Vol. Indeed, you shall not. Methinks, I hear bither your husband's drum; See him pluck Aufidius down by the hair ; As children from a bear, the Volces shunning him : Methinks, I see him stamp thus, and call thus, Come on, you cowards, you were got in fear, Though you were born in Rome: His bloody brow With his mail'd hand then wiping, forth he goes; Like to a harvest man, that's task'd to mow Or all, or lose his hire.

Vir. His bloody brow! 0, Jupiter, no blood !

Vol. Away, you fool! it more becomes a man, Than gilt his trophy: The breasts of Hecuba, When she did suckle Hector, look'd not lovelier Than Hector's forehead, when it spit forth blood

• Withdraw.

At Grecian swords' contending -Tell Valeria,
We are fit to bid her welcome.

Erit Gent. Vir. Heavens bless my lord from fell Aufidius!

Vol. He'll beat Aufidius' head below his knee, And tread upon his beck.

Re-enter Gentlewoman, with Valeria and her Usher.

Val. My ladies both, good day to you.
Vol. Sweet madam,
Vir. I ain glad to see your ladyship.

Val. How do you both? you are manifest house. keepers. What, are you sewing here? A fine spot, in good faith.-How does your little son?

Vir. I thank your ladyship; well, good madam.

Vol. He had rather see the swords, and bear a drum, than look upon his school-master.

Dal. O' my word, the father's son : I'll swear, 'tis a very pretty boy. Omy troth, I look'd upon him o' Wednesday half an hour together: he has such a confirmed countenance. I saw him run after a gilded butterfly; and when he caught it, he let it go again ; and after it again ; and over and over he comes, and up again; catched it again: or whether his fall enraged him, or how 'twas, he did so set his teeth, and tear it; 0, I warrant, how he mammocked + it!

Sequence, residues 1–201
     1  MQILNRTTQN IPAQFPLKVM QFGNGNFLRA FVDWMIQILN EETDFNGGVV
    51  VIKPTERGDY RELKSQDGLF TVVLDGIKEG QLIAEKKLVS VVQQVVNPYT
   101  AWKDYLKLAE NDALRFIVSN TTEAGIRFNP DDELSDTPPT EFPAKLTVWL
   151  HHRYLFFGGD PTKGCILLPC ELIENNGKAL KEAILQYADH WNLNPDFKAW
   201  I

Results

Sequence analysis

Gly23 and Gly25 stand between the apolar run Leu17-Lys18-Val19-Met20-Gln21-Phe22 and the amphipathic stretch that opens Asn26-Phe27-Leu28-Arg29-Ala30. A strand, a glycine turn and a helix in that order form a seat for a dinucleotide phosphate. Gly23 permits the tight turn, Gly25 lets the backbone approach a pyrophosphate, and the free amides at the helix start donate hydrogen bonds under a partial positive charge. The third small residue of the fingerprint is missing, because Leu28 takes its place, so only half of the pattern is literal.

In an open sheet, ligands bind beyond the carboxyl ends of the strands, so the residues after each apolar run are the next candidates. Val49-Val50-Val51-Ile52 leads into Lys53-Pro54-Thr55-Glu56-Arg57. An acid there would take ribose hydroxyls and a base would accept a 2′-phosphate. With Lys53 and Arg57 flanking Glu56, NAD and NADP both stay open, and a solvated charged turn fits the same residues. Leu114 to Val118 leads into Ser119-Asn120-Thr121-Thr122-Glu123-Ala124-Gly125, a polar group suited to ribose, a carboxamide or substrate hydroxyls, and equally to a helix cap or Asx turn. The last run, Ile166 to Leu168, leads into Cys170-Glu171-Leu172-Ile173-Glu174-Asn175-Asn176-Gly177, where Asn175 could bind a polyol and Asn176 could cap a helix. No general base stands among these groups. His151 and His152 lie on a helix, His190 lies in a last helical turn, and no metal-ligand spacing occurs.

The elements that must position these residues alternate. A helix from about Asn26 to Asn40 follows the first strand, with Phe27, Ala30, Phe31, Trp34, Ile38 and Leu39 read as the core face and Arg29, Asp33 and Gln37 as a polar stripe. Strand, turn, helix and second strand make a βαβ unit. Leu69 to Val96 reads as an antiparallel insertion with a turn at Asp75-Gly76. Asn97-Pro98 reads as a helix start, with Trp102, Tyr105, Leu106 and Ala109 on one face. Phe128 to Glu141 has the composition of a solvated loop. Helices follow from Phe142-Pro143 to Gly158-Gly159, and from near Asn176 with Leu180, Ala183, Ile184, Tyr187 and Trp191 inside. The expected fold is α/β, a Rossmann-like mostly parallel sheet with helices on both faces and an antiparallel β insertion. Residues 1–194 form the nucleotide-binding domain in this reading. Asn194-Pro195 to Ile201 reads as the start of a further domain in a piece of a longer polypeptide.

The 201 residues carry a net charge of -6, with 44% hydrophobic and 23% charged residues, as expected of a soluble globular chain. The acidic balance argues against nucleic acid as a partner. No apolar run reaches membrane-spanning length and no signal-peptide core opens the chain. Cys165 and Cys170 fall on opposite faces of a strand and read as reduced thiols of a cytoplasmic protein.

Vol. One of his father's moods.
Val. Indeed, la, 'tis a poble child.
Vir. A crack 1, madam.

Val. Come, lay aside your stitchery; I must have you play the idle huswife with me this afternoon.

Vir. No, good madam ; I will not out of doors.
Val. Not out of doors?
Vol. She shall, she shall.

Vir. Indeed, no, by your patience: I will not over the threshold, till my lord return from the wars.

• Of work.

+ Tore.

| Boy.

Val. Fy, you confine yourself most unreasonably; Come, you must go visit the good lady that lies in.

Vir. I will wish her speedy strength, and visit her with my prayers; but I cannot go thither.

Vol. Why, I pray you?
Dir. 'Tis not to save labour, nor that I want love.

Val. You would be another Penelope : yet, they say, all the yarn she spun, in Ulysses' absence, did but fill Ithaca full of moths. Come; I would, your cambrick were sensible as your finger, that you might leave pricking it for pity. Come, you shall go with us.

Vir. No, good madam, pardon me; indeed, I will not forth.

Val. In truth, la, go with me; and I'll tell you excellent news of your husband.

Vir. O, good madam, there can be done yet.

Val. Verily, I do not jest with you ; there came news from bim last night.

Vir. Indeed, madam?

Val. In earnest, it's true; I heard a sepator speak it. Thus it is:- The Volces have an army forth; against whom Cominius the general is gone, with one part of our Roman power: your lord, and Titus Lartius, are set down before their city Corioli; they nothing doubt prevailing, and to make it brief* wars. This is true, on mine honour; and so, I pray, go with us.

Vir. Give me excuse, good madam ; I will obey you in every thing hereafter.

Vol. Let her alone, lady; as she is now, she will but disease our better mirth.

Val. In troth, I think, she would :-Fare you well then.-Conie, good sweet lady.-Prythee, Vir. gilia, turn thy soleniness out o'door, and go along with us.

• Short.